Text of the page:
Community Members Encouraged to Say Boo to the Flu
Sep 29, 2016 03:46PM
● By Kelly Cannon
For every provided shot that is billed to insurance, Community Nursing Services gives $2 back to the school. (CNS)
Community Members Encouraged to Say Boo to the Flu [1 Image] Click Any Image To Expand
By Kelly Cannon | firstname.lastname@example.org
Community Nursing Services (CNS) is offering flu shots at various schools during their annual Say Boo to the Flu program. In its fifth year, Say Boo to the Flu has provided hundreds of flu shots to community members throughout the state.
“We wanted to reach out to the public and administer and provide flu shots for the general public and we figured a good way to do that would be in the school system,” Kristy Brower, former director of CNS, said. “That was our focus.”
Cory Fowlks, the current director of CNS, said they reach out to school districts to provide the program and after a relationship has been established, the hope is the school districts would invite them back the next year.
“We’d love to be in any school that would have us,” Fowlks said.
Brower explained the program is primarily in elementary schools because the elementary schools provide a good introduction and capture a large number of community members.
“There’s a lot of feeder schools, lots of elementaries that go into junior highs and junior highs that go into high schools,” Brower said. “We can capture the students at an elementary or junior high level, we then pretty much capture the families in the community and surrounding area.”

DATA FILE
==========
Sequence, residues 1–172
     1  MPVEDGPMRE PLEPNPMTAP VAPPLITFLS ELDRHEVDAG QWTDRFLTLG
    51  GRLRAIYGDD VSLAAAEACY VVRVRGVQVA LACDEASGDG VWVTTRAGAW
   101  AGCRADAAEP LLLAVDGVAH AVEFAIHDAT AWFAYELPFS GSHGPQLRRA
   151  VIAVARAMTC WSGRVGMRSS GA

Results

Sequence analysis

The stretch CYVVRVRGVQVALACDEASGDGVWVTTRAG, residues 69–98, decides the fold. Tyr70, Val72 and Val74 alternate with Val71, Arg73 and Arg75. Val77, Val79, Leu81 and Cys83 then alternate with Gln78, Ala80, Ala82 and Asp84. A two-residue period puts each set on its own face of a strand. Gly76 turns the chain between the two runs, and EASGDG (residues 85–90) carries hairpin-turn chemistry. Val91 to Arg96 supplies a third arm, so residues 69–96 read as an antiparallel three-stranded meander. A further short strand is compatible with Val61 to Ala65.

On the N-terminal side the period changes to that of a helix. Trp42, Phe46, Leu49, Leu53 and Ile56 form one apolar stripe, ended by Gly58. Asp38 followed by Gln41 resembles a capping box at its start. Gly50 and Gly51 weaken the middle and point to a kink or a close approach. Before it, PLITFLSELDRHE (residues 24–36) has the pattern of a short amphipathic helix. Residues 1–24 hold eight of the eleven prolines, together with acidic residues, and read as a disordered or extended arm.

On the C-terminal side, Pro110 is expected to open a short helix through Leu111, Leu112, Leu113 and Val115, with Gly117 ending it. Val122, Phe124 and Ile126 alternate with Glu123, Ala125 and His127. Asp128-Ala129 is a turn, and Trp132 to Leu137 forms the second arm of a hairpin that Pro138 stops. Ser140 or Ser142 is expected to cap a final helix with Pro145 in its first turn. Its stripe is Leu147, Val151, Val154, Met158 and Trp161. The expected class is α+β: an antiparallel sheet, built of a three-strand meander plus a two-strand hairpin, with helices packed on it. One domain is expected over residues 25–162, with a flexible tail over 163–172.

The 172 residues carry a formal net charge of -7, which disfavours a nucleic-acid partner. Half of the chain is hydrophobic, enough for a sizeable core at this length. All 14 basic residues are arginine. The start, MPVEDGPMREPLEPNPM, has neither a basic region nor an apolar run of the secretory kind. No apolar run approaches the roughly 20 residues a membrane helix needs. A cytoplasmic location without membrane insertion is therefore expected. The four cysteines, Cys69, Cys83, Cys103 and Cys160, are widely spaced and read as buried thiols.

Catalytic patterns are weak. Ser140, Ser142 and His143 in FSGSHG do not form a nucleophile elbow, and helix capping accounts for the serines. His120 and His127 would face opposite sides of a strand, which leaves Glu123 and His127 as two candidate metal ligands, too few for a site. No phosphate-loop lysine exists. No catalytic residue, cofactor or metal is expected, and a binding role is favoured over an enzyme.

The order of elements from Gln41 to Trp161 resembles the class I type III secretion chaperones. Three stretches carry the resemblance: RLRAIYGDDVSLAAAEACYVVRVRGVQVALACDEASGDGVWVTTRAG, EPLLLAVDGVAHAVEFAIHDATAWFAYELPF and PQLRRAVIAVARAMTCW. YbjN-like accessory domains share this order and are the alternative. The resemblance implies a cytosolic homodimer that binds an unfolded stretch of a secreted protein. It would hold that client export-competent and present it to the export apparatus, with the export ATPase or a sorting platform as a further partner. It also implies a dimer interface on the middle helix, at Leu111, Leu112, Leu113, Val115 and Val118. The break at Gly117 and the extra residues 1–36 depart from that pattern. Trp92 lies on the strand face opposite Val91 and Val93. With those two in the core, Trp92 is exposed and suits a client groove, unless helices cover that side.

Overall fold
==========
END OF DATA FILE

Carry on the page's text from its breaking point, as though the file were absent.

CNS tries to correspond the days they’re in the schools with another school event that will draw a large number of families, such as back-to-school night or parent-teacher conferences.
“Ultimately we’re there as on option for someone while they’re there meeting with teachers or parents, after they finish or before. They ultimately come to our table. We are able to capture their information, including insurance,” Fowlks said. “We’re able to help those who are unable to pay due to being uninsured or under-insured. Then after we capture that information, we administer the vaccine, give them something sweet and then send them on their way knowing that we provided a service there.”
In addition to providing flu shots, the Say Boo to the Flu program is able to give the schools $2 for every shot that is billed through insurance.
“We don’t necessarily consider that a fundraising event but rather money that the school or the district might be able to use at their discretion, as an advantage and benefit for having us there,” Fowlks said.
Residents don’t need to have students enrolled in the school in order to participate in the flu shot program. Anyone six months and older can get a flu shot.
“We consider these community events, the idea that we are serving these populations that are there and who are showing up. That includes school staff, the families, the grandparents,” Fowlks said. “We don’t turn people away.”
If community members are unable to attend the Say Boo to the Flu event in their neighborhood, they can also get their flu shot at the CNS Immunization Clinic, 2820 South Redwood Road West Valley City. To see when the clinic is open, visit cns-cares.org or call 801-207-8777.